Thursday, 31 March 2011

Changing Games

Dragon Age 2 has upset me.

I really enjoyed the game. Sure, it had its flaws, but on the whole I was very pleased with the changes made since the original Dragon Age Origins. The fact that many fans of the original do not share this opinion would not upset me, but for the ferocity of the hatred these fans have for the sequel.

Dragon Age 2 was met with mixed reviews,
particularly among fans
I can ignore the odd hater or two hundred, but when fans write threads on the developer’s forum with titles requesting the firing of specific senior developers, it gets personal. I can’t even imagine how I would feel if I were one of the individuals being attacked in such threads.

So what have Bioware done to offend their fans so? Changed stuff. Ruthlessly – or so a hater would have it. If somebody feels something is perfect, then before you even tell them what the change is, their default stance is: a change from perfection can only be worse! This has been the case with Dragon Age 2, but the biggest pity is that not only were the changes good (in my opinion)… but they weren’t actually changing the core stuff at all!
Whats curious with change, is how it would have worked the opposite way around – if Dragon Age 2 came out before Dragon Age Origins. I hypothesise (in a statement that could never possibly be disproved) that fans would hate Dragon Age Origins.

So how does one implement change in a game series? Probably the same way you’d implement any change. So I did a search on how to cope with change, and found an iVillage article on this subject. You’d be surprised how applicable many of their tips are to changes in games. So here’s a summary, inspired by that article on how a developer should implement a change to a successful formula.

Football game developers delay planned changes
to deliver just the right amount of familiar and new.
Don't believe me? then you won't have any difficulty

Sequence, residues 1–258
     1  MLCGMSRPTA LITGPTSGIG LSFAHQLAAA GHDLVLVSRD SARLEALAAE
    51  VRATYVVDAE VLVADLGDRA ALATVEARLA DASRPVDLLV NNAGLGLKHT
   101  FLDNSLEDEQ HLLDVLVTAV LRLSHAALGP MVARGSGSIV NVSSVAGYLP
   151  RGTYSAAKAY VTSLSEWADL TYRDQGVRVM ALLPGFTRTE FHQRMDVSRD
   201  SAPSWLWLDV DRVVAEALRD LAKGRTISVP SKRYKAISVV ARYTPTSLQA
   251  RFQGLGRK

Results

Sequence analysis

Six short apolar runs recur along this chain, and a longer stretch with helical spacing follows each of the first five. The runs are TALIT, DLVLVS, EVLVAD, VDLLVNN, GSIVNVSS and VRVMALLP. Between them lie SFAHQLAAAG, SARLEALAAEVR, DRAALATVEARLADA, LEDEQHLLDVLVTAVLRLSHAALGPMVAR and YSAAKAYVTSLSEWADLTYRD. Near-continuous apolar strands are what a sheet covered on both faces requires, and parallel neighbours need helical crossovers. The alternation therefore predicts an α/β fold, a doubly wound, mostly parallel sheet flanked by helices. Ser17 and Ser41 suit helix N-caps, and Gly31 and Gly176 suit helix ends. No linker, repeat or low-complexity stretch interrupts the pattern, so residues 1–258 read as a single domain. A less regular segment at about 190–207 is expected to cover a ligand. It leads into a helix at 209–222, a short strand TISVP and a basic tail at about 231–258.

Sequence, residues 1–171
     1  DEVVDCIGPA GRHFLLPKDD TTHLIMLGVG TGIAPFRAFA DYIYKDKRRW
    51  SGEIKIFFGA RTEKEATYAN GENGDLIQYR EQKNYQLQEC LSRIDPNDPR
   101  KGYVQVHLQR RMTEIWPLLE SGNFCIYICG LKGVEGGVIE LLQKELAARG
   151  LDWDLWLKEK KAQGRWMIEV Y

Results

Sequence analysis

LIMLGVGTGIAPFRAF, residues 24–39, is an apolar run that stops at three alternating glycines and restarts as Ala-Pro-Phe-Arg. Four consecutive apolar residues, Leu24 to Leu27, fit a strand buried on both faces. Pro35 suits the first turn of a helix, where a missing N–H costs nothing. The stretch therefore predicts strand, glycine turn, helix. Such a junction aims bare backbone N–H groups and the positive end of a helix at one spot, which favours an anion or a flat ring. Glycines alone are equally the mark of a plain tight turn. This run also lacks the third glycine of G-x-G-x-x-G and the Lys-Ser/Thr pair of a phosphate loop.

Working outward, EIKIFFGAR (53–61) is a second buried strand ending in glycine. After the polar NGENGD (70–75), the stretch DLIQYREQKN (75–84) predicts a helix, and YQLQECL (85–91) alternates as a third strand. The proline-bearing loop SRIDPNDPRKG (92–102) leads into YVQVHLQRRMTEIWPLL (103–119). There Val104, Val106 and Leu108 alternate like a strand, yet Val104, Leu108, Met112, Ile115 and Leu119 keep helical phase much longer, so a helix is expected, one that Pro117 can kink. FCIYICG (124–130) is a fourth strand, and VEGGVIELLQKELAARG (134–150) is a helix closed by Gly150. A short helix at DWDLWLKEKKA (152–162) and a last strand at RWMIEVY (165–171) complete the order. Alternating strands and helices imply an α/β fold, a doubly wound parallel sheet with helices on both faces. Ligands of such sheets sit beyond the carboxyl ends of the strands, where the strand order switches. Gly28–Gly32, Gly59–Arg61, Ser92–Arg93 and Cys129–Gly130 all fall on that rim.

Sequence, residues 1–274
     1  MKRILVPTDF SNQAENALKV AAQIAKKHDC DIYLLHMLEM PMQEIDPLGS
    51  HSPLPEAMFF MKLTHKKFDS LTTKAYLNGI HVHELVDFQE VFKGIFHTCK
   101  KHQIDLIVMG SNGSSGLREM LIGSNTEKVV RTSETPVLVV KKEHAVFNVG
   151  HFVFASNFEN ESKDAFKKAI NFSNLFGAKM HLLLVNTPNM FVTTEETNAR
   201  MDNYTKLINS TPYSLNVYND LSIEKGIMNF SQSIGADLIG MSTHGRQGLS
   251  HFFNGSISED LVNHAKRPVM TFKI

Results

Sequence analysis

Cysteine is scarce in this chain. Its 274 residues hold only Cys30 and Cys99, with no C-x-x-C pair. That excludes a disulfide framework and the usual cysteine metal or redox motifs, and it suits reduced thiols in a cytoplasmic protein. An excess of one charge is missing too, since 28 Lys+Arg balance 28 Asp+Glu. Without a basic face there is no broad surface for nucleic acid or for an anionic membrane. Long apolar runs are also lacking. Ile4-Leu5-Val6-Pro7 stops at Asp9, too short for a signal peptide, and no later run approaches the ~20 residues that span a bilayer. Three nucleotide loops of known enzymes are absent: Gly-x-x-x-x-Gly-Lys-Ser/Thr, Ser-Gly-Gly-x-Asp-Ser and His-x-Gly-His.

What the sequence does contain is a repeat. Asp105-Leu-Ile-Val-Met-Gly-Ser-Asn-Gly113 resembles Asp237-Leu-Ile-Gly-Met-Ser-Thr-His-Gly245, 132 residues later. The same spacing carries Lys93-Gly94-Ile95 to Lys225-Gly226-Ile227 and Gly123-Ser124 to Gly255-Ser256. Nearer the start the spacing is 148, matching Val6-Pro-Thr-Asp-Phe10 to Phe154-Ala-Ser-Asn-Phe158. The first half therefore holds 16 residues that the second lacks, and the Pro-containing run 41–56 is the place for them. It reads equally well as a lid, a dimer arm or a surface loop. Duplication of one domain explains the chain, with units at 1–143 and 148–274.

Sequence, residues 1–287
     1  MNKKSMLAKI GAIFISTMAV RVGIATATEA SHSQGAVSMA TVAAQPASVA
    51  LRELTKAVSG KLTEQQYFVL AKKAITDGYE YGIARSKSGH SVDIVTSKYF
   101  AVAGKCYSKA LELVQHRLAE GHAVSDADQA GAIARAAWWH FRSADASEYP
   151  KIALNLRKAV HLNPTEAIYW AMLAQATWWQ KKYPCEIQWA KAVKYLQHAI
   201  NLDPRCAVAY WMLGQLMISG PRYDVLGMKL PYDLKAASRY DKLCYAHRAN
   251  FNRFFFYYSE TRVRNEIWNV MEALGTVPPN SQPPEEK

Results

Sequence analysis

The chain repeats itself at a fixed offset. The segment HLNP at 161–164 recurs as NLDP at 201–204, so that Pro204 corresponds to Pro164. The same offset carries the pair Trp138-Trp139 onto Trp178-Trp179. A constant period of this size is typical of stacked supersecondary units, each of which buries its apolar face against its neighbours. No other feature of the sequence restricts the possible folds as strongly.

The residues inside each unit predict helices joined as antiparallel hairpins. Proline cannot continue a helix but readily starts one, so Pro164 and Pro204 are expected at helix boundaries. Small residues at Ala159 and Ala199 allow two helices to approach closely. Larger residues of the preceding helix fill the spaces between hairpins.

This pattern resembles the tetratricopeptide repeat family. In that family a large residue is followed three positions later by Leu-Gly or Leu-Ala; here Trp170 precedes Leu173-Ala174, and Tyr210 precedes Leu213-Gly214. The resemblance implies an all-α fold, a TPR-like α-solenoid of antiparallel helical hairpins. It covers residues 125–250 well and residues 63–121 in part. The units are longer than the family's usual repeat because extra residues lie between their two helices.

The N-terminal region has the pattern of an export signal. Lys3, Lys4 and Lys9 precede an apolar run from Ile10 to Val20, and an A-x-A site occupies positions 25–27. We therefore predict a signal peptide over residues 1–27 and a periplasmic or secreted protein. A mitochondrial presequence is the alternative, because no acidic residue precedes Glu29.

identifying the game (and version) shown above...
Take your time. Thrusting a change onto someone is likely to result in an adverse reaction (see “sink or swim”). Leaving it more than 18 months is a bare minimum for a sequel with lots of change (nudge, nudge Bioware) . Implementing the changes over two or more games is better still, and will allow you to have hooks for the next game in the series. MIKENOTE: FOOTBALL GAMES

Get players on your side. Get them wanting the change: show them there’s good in it. Explain why the new is better than the old. Admitting the old was bad is a double-edged sword: you run the danger of being hostile to your fans’ nostalgia, but doing so often better demonstrates the need for the change. Handle with care.

Avoid Alienation. If you’re implementing a big change, then hang on to familiar aspects so it’s not totally alien. If you want to change so much that nothing is familiar, then take a bold step and give it a new name – if you had to change so much, it’s probably good to avoid the old title!

Some things simply have to be changed. Like this baby.
Don't let unpleasantness stop you.
Divide up the changes. Implementing changes over the course of the first half of the game (rather than all at the start) is great if possible. If not, consider releasing a demo ahead of release with some of the changes shown, provided they reflect the changes very positively.

Accept the changes. Don’t try and hide the changes away or tell players only small changes have been made – you’ll only make the shock greater. You’ve changed stuff for a reason (hopefully), so be confident about the changes.

No comments:

Post a Comment